Bringing History to Economics

This episode features grantee D’Maris Coffman of the Centre for Financial History talking about her organization’s commitment to a New Financial History and what the fruits of their approach can tell us about modern debt crises and sustainable debt levels. She also discusses her research, funded by the Institute for New Economic Thinking, which explores fundamental questions about how Britain averted a Malthusian trap in the early nineteenth century and why the answers matter for global food security today.Historians can contribute to economic thinking in three ways. First, much of development studies depend on historical parallels, especially to eighteenth- and early nineteenth-century Britain, which is taken as the cardinal case for industrialization. Through these parallels, historians can refine, modify, and even discover fallacies that have become dangerously entrenched in some development economics. Second, historians can offer histories of economic thinking, including histories of economic analysis, which explore the internal intellectual trajectories of economic ideas, and histories of economic thought, which put these ideas in context. Both of these fields of study disrupt economics’ path of dependence on certain ideologies And third, economists principally deal in “explanation,” especially in the econometric sense of establishing causation.

Yet “narrative causation,” what historians call interpretation, can be even more powerful, as the psychoanalyst and Institute grantee David Tuckett and others have shown. These “interpretations,” or “stories” that people tell themselves about phenomena, often influence behavior much more readily than the models would predict.To understand the first point, consider the exchange between Adair Lord Turner and Professor Niall Ferguson after the latter’s plenary lecture. Ferguson follows North and Weingast (1989) in seeing in the Glorious Revolution a triumph of “good institutions” over bad ones, and especially follows them in identifying parliamentary supremacy as responsible for securing property rights. This has caused him to espouse a particular version of the Washington Consensus. Yet Turner and Bill Janeway both argued that eighteenth-century institutions were often very poor indeed. To this end, our research into the “Credible Commitment” thesis has yielded three key findings. One that political risk is the most important single determinate of sovereign risk. Two, that the willingness of one party to honor the other party’s commitments is essential, and thus 1710 (when the Tories honored Whig commitments) was more of a turning-point than 1688-89. And three, that rather than crowding out the private sector, public sector spending and a coercive and authoritarian fiscal system paid for public borrowing during the Napoleonic wars.These findings show that that gridlock in Washington is the “worst sort of politics possible.”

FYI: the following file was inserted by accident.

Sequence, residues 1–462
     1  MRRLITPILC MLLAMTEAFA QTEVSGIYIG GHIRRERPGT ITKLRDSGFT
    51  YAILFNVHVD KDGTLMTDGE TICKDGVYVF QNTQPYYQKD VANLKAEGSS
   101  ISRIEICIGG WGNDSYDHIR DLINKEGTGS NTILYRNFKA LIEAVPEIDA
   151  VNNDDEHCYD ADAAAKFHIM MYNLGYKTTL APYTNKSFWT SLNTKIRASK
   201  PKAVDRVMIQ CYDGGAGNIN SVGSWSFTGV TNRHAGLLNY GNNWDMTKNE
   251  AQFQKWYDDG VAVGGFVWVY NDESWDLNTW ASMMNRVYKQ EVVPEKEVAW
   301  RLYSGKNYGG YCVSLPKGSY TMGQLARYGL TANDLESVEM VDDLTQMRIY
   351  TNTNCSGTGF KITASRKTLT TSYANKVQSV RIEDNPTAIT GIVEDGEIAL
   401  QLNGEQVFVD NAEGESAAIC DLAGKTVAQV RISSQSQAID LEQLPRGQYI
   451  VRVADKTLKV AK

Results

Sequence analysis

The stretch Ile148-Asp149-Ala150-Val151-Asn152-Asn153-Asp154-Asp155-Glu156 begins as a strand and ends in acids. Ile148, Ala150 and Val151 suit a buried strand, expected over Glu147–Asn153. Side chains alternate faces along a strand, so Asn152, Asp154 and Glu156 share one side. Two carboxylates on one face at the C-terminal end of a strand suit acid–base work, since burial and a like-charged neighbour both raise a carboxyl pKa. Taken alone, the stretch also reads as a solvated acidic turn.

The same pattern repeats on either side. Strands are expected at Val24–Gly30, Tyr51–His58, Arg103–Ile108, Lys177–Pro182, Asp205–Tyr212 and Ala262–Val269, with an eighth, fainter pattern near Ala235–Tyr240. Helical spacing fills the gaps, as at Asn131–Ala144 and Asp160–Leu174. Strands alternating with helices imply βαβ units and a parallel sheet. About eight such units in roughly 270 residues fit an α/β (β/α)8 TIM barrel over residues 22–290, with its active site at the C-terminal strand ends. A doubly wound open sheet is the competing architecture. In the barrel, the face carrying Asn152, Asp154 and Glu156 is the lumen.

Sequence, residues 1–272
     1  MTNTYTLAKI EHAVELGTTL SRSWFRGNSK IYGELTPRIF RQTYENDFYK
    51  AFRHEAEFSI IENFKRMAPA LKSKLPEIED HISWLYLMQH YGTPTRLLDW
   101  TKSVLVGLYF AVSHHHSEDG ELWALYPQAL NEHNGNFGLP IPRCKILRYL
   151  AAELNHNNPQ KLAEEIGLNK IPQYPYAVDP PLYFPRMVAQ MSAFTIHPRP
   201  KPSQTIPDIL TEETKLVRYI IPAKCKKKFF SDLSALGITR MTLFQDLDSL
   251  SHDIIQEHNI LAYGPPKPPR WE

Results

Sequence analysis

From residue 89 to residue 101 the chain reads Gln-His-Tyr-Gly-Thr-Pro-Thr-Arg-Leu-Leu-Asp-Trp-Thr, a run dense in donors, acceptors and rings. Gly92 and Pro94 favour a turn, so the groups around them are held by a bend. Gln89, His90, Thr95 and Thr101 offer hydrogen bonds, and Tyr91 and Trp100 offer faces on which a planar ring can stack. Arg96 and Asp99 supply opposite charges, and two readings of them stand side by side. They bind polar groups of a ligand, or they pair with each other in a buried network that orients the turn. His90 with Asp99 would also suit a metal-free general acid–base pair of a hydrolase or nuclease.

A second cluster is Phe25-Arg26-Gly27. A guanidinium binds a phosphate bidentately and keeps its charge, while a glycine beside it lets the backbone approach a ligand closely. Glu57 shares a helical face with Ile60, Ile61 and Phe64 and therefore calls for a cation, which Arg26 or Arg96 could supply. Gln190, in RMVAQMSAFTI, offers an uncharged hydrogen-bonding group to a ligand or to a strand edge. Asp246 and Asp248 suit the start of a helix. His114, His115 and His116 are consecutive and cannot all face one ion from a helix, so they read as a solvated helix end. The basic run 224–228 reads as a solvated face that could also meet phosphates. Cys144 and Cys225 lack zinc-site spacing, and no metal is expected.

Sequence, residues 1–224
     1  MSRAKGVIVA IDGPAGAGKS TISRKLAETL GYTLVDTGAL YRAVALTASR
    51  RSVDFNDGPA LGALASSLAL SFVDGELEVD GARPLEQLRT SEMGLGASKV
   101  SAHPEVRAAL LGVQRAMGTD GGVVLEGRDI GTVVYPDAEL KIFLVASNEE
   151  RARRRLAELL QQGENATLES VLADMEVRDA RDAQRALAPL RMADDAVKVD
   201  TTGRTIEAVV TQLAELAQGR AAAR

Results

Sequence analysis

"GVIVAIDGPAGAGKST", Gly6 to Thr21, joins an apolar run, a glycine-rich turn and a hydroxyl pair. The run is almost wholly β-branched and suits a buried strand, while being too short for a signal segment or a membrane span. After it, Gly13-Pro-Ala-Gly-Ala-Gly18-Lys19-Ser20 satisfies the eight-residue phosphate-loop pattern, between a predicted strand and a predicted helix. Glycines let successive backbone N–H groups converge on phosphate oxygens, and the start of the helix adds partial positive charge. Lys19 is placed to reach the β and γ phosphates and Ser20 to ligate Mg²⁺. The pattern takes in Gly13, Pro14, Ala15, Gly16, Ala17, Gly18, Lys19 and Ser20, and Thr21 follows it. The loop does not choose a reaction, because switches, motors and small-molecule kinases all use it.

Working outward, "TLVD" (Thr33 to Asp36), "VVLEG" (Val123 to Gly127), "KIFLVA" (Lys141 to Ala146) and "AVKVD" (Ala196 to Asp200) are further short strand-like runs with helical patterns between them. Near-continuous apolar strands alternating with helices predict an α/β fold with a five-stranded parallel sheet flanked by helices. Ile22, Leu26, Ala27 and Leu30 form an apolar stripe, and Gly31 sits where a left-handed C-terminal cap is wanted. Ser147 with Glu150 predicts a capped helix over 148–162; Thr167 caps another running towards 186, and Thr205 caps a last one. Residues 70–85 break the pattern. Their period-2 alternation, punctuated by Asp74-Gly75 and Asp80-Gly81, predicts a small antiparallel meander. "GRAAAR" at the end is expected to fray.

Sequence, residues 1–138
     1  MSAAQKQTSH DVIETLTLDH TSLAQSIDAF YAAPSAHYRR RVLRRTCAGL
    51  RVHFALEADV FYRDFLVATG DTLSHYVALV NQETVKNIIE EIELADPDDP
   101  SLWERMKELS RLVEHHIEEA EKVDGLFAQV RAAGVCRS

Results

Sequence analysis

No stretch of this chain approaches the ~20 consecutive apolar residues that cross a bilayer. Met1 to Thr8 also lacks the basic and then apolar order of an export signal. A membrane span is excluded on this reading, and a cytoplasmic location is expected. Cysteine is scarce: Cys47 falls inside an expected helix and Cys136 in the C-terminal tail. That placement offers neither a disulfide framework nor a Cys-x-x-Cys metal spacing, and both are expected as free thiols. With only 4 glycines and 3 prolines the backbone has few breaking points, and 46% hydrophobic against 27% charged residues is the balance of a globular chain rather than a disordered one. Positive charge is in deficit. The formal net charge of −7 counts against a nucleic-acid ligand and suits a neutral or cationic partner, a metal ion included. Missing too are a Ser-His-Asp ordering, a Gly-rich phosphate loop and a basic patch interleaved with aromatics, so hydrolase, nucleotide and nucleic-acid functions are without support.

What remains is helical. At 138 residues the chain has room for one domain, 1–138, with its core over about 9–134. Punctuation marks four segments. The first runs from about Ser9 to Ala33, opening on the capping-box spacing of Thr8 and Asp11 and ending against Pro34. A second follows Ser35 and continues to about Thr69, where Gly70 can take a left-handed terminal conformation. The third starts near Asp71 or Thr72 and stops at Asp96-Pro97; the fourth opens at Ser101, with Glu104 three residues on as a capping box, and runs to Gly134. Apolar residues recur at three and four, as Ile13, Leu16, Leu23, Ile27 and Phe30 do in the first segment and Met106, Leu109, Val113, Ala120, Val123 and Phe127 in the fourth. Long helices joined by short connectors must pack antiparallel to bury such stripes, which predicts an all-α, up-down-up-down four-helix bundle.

Indeed, it is my firmly held belief that our research will overturn the relatively glib heuristics proposed by Carmen Reinert and Kenneth Rogoff.The key thing to remember is that it’s not necessarily about “better institutions.” Yes, institutions matter at some levels of development, particularly poor institutions that can retard growth. But we need to develop a concept of “good-enough institutions.” At some point, institutional quality probably is deadweight: the direction of causality changes. Successful economies and societies are not successful because they have superb institutions, but rather they have superb institutions because they can afford them. The trick is to find that sweet spot.

D’Maris Coffman is a Leverhulme/Newton Trust Early Career Fellow in the history faculty and an affiliated lecturer at the University of Cambridge. She also is a grantee of the Institute for New Economic Thinking for her work on the history of U.K. agriculture markets. Her book Questioning Credible Commitment: Perspectives on the Rise of Financial Capitalism, co-authored with Adrian Leonard and Larry Neal, was published in September 2013 by Cambridge University Press.

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